Journal Info

JOURNAL OF MICROBIOLOGY AND BIOTECHNOLOGY
Vol.16 No.6
December, 2023

pISSN 2005-2901
eISSN 2093-8152

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  • Perspective Article2022-08-31

    Correlation Between the Sinew Channels with the Myofascial System, Pathology, and Treatment

    Pablo Nava Jaimes*, Alejandro Martínez Reyes, Daniel García Lara, Abel Cristian Patiño Coyuca
    J Acupunct Meridian Stud 2022; 15(4): 201-213 https://doi.org/10.51507/j.jams.2022.15.4.201

    The sinew channels are a tendon and muscle network, and their description is based on the observation presented on the Huangdi Neijing Ling Shu. However, the myofascial system is an uninterrupted series of connective tissue that is comprised of layers that run in different directions. The similarities on these pathways are compared, such as a brief description on the myofascial pain syndrome and its similitude with the Impediment disorder from the Traditional Chinese Medicine (TCM). Furthermore, we discuss the treatment of these conditions from a Traditional Chinese Medicine perspective.

  • Research Article2022-04-30

    Trigger Point Acupuncture and Exercise for Chronic Low Back Pain in Older Adult: a Preliminary Randomized Clinical Trial

    Yoichi Minakawa1,2,*, Shogo Miyazaki1,2, Hideaki Waki1,2, Naruto Yoshida1,2, Kaori Iimura3, Kazunori Itoh4
    J Acupunct Meridian Stud 2022; 15(2): 143-151 https://doi.org/10.51507/j.jams.2022.15.2.143
    Abstract

    Background: Exercise therapy is the first choice non-pharmacotherapeutic approach for musculoskeletal pain; however, it often interferes with the implementation and continuation of exercise due to fear-avoidance behaviors. Trigger point acupuncture (TrPAcp) has been reported to reduce musculoskeletal pain.Objectives: To examine the efficacy of exercise combined with TrPAcp compared to exercise alone for older patients with chronic low back pain (CLBP), the most common subjective symptom reported by old people of both sexes in Japan.Methods: In this single-center randomized controlled trial conducted at Teikyo Heisei University, 15 men and women aged ≥ 65 years with low back pain for at least 3 months who met the eligibility criteria were included. The Ex+TrPAcp group received exercise and trigger point acupuncture, while the Ex group received only exercise for 3 months. The main outcome, pain intensity, was measured using the numerical rating scale (NRS). Improvement was defined as a decrease in NRS of ≥ 2 or less than moderate (NRS < 4).Results: The analysis included 7 of 8 cases in the Ex+TrPAcp group and 7 of 7 cases in the Ex group. NRS improved in 6 of 7 and 1 of 7 patients in the intervention and control groups, respectively, with a significant difference between groups (p = 0.03, φ = 0.71). Regarding adverse events due to acupuncture, one patient (14.3%) complained of heaviness after acupuncture. Nothing specific was reported with exercise.Conclusion: Compared with Ex alone, Ex+TrPAcp may be more effective therapy for older people with CLBP who do not have an exercise habit.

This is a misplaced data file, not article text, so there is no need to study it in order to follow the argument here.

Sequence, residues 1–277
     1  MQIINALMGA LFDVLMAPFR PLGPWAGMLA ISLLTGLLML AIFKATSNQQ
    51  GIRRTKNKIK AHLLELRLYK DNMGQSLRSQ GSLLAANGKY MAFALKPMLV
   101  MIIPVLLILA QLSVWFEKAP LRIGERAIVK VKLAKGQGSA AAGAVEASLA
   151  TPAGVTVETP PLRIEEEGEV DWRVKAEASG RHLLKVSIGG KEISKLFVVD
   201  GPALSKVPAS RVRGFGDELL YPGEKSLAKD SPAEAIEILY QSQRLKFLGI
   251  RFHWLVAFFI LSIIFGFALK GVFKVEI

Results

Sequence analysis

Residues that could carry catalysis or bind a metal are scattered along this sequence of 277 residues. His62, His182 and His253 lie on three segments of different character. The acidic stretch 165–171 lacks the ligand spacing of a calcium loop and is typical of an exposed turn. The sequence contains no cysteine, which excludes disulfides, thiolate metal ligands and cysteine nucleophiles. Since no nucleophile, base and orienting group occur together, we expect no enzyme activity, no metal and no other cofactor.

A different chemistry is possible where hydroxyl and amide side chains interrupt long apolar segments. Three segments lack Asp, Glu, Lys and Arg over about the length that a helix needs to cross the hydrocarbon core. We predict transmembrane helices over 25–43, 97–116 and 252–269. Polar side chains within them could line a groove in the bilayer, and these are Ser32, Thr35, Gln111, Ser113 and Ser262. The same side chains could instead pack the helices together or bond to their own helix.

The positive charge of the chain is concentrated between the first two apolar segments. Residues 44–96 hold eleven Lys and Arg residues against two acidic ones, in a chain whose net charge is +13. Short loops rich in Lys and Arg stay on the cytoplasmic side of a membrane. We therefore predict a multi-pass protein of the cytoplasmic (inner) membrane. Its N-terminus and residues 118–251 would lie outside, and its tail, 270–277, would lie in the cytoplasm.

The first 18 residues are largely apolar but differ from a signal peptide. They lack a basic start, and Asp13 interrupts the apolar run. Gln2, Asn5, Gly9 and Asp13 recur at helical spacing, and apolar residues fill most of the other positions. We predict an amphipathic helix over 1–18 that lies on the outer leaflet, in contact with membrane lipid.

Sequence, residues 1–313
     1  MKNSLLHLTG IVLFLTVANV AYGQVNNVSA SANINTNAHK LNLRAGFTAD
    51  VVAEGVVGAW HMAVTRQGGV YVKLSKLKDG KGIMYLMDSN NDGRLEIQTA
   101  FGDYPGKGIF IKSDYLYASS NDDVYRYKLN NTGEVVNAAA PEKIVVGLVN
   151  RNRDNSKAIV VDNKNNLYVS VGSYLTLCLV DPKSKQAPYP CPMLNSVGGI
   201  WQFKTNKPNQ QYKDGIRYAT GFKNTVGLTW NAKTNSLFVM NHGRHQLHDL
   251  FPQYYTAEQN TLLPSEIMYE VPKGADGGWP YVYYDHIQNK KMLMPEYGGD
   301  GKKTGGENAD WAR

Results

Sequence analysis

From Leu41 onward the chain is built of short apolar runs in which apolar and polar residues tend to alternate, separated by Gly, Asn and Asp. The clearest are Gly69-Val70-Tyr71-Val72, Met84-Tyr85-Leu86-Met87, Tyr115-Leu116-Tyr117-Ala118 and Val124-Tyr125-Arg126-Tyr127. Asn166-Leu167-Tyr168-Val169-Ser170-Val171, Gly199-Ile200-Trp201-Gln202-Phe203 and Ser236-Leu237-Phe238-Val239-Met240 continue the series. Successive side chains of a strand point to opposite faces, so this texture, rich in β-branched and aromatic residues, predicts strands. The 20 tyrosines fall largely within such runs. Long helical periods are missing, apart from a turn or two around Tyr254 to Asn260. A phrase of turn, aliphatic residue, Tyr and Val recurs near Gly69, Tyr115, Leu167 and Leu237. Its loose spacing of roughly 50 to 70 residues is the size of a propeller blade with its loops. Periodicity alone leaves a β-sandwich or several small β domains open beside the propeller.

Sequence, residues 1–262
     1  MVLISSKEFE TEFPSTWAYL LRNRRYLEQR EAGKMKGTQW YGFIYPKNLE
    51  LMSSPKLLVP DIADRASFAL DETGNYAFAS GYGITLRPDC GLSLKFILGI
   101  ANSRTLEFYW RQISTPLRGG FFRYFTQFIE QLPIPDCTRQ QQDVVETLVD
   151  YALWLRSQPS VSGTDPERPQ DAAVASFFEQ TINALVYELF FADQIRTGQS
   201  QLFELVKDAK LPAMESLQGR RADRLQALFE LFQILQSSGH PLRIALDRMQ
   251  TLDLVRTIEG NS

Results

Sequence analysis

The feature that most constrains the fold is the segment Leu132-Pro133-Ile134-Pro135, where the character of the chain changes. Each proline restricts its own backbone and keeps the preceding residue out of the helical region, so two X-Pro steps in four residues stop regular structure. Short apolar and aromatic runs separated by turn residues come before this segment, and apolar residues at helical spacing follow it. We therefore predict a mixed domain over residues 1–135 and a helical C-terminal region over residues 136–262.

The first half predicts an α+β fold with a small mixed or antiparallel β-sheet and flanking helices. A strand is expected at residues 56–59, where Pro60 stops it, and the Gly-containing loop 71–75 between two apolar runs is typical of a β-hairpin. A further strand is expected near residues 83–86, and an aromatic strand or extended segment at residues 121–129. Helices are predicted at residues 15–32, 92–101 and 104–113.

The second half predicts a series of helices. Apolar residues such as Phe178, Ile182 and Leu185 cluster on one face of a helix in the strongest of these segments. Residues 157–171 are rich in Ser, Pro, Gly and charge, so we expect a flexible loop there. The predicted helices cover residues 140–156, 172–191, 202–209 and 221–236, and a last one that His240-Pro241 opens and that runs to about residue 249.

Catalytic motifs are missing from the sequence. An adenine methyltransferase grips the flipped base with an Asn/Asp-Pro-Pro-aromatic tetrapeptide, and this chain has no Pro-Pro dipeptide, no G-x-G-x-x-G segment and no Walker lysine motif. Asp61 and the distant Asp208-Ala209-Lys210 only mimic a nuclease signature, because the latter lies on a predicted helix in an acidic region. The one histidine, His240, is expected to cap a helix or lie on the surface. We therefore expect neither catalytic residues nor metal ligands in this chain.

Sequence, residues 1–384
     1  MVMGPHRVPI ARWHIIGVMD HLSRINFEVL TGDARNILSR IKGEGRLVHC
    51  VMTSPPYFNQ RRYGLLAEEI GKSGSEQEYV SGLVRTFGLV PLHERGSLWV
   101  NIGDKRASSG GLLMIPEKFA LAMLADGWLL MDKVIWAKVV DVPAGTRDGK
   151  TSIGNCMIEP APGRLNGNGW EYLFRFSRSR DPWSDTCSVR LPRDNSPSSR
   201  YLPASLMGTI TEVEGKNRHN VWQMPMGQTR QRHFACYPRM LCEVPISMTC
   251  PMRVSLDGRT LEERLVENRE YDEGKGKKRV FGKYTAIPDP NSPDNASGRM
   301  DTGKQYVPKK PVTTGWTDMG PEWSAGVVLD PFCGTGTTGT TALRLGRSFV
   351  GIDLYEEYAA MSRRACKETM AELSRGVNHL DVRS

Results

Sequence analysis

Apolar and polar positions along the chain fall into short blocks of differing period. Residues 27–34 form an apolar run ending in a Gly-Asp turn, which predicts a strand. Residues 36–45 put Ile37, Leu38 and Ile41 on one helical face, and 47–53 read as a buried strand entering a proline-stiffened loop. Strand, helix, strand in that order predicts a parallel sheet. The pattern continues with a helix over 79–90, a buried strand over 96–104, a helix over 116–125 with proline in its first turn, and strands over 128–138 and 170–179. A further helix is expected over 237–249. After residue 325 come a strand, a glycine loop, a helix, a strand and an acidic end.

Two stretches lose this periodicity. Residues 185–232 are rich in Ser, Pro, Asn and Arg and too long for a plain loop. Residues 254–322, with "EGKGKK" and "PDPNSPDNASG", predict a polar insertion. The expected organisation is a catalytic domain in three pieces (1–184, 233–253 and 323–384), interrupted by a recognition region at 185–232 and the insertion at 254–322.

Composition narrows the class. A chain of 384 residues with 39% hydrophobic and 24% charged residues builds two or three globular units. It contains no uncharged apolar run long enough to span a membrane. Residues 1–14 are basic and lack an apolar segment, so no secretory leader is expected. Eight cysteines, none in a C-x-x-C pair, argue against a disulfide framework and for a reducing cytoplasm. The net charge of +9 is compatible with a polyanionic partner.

• Brief Report2022-12-31

    Acupuncture Treatment of a Patient with Bradycardia and Idioventricular Rhythm

    Oksana Strakhova*, Alexey Ryzhov*